Goodyear, K., Lewith, G. and Low, J.L. (1998) ‘Randomized double-blind placebo-controlled trial of homoeopathic 'proving' for Belladonna C30’, Journal of the Royal Society of Medicine, vol. 91, no. 11, pp. 579–582.

Despite trying to torture the statistics into submission in the results section the authors are forced to concede, “We were unable to distinguish between Belladonna C30 and placebo using our primary outcome measure... This pilot study does not demonstrate a clear proving reaction for Belladonna C30 versus placebo...".  Yet another RDBPCT of the type homeopaths cry out for giving more evidence (if such were needed) that it is impossible to tell the difference between a homeopathic remedy and sugar tablets.

Links: [abstract - pub med JRSM]:[abstract, JRSM]:[full text - pub med JRSM, pdf]

Greenhalgh, T. (2010) How to read a paper, the basics of evidence based medicine, 4th edition Wiley-Blackwell ISBN-10: 1444334360

This book has to be compulsory reading for anyone interested in the interpretation of clinical papers. It is accessible, easy to understand and a joy to read. It is based on a marathon series of 10 papers by Greenhalgh published in the BMJ in 1997 covering everything from how to use the medline database to statistics to metanalyses - you name it, it’s there!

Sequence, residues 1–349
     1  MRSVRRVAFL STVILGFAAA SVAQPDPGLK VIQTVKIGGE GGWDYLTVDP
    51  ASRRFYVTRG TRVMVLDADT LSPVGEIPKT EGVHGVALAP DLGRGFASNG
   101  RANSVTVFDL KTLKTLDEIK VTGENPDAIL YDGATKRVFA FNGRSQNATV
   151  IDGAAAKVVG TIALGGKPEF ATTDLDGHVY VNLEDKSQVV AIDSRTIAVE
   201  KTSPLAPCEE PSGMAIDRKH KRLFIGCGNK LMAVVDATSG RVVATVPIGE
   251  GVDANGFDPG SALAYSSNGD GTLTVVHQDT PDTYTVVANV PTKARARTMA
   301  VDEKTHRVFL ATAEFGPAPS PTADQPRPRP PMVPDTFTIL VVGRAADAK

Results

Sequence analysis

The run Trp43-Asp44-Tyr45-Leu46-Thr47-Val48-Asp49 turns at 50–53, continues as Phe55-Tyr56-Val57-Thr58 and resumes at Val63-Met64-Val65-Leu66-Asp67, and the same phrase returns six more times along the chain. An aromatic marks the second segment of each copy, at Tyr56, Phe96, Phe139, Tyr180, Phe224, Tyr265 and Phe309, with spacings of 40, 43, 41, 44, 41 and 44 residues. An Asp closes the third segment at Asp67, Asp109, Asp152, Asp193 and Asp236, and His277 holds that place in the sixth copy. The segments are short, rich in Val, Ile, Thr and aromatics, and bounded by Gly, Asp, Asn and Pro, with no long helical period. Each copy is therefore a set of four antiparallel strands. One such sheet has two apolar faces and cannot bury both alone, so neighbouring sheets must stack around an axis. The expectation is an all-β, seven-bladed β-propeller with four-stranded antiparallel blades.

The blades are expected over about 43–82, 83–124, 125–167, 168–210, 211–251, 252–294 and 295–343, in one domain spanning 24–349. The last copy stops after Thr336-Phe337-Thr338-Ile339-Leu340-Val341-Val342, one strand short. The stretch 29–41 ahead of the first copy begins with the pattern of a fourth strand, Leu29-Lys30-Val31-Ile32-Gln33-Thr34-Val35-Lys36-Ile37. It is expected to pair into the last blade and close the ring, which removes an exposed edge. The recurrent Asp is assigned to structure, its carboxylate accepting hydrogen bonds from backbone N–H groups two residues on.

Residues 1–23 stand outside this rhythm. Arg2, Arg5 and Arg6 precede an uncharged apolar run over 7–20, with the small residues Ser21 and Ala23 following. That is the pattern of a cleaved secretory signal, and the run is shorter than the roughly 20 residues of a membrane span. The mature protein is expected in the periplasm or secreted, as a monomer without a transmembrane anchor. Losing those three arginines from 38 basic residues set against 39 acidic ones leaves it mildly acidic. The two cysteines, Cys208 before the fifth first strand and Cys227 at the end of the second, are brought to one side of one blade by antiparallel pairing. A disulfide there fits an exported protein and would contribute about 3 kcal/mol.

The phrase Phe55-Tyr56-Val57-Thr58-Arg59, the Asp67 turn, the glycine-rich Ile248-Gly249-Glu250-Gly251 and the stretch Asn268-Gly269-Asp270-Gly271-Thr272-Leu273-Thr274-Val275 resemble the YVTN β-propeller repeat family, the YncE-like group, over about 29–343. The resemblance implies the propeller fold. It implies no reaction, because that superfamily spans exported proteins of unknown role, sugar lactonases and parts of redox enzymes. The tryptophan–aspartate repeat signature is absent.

Links are given below to the book itself, available from Amazon (and elsewhere presumably) and to two sites which provide multiple links to all the original articles. The New Jersey links are to the complete journals (so other articles are available too), the HEAL site has re-formatted the articles as single pieces.

Links: [purchase from Amazon]:[purchase from Wiley]:[pdf version of 4th edition]

Guggisberg, A.G., Baumgartner, S.M., Tschopp, C.M. and Heusser, P. (2005) ‘Replication study concerning the effects of homeopathic dilutions of histamine on human basophil degranulation in vitro’, Complementary Therapies in Medicine, vol. 13, no. 2, pp. 91-100.

"We were not able to confirm the previously reported large effects of homeopathic histamine dilutions on basophil function of the examined donor. Seemingly, minor variables of the experimental set up can lead to significant differences of the results if not properly controlled"
This is an attempted replication of a number of studies looking at the effect of homeopathy on basophil activation including Belon 2004.  In a similar vein Madeleine Ennis (2010) also expresses scepticism about this type of study, the taste for which was first established by the Benveniste team in 1988.  I'm sure it's just coincidence but, according to his obituary in the Guardian newspaper Jaques Benveniste invented and held the patent for this particular assay. Interestingly this negative study is published in a pro-CAM journal; now that makes a refreshing change.

Links: [abstract, pubmed]:[abstract, complement ther med]:[full text, pdf,]